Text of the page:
Naira loses 10% value.

The naira volatility continued almost throughout last year in both the parallel and interbank markets. At the last trading day for the year last Thursday, the naira crashed further against the dollar while the stock index rose.
Naira closed on the interbank market at 199.50 to the dollar on Thursday, compared with 181.50 to the dollar a year ago, down 9.91 per cent at the official window. On the parallel market, the naira traded at 266 to the dollar, weaker by 39.26 per cent from 191 to the dollar at the close of last year.
The naira has continued to come under pressure against the dollar, as Brent crude price continues to decline. The oil price declined to $35 per barrel on December 11, its lowest price since February 2009, before increasing to $38.45pb on December 15 and closed the year around $37pb. This has adversely affected almost all indicators in the economy including the naira.
The stock market rose 3.11 per cent for the day. But it ended down 17.35 per cent for last year. For the naira, it has been a tough road to survival. At the parallel market, the local currency depreciated by 8.44 per cent to N270/ dollar on the 16th of December, touching a new all time low.
At the interbank market, the naira remained relatively stable and appreciated marginally by 0.53 per cent to N197.49/ dollar. The external reserves level declined during the review period by 2.25 per cent ($680 million) to $29.48 billion as at December 15.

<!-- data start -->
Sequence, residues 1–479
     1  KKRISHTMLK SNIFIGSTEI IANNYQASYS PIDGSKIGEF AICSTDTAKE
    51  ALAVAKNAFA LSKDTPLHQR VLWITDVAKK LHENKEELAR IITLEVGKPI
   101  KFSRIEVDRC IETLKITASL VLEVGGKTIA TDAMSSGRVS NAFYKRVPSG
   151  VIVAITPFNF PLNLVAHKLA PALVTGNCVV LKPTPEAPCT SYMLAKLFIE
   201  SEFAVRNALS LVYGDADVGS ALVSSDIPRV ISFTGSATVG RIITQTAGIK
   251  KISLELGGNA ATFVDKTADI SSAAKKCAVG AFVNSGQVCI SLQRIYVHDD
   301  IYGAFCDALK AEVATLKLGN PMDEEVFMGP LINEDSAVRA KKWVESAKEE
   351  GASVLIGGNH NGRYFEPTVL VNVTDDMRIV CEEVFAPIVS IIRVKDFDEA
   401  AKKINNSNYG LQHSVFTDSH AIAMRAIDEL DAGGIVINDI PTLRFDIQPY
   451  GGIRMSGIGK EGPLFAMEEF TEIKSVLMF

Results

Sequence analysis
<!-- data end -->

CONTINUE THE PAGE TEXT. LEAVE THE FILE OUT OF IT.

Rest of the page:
Managing Director, Financial Derivatives Limited, Bismarck Rewane, said for the sake of the naira, the Central Bank of Nigeria (CBN) has continued to checkmate liquidity needs in the economy through various monetary measures like the weekly sale of dollars to BDCs, Open Market Operation (OMO), the Monetary Policy rate (MPR), Net Open Position (NOP) and most recently the Cash Reserve Ratio (CRR).
Rewane said despite these measures to reduce pressure on the currency, it has continued to come under severe pressure from internal and external factors.
Other economists believe the incorporation of a long-term diversified strategy in fiscal policy is required to deliver the cushioning support for shocks in various segments of the economy.
For them, the persistent pressure on the naira could have been minimized if a counter cyclical fiscal policy is developed, as the CBN cannot continue to defend the naira with foreign reserves. To reduce this pressure, an inward looking policy (tax incentives, infrastructure development and production subsidy) should be emphasized to reduce the dependence on imported goods.
Asides from oil receipts, the development of the Agricultural sector will in the short term reduce the foreign exchange burden of food imports and over the long term enhance foreign receipts if its comparative advantage in the sector is efficiently deployed.
The CBN had pegged the naira exchange rate at 198 to the dollar in February and scrapped a two-way interbank quote as global oil prices fell, to conserve foreign exchange reserves.
Also in June, the regulator introduced more foreign exchange limits, excluding about 41 items from access to foreign exchange at the official window to further reduce pressure on available dollars.

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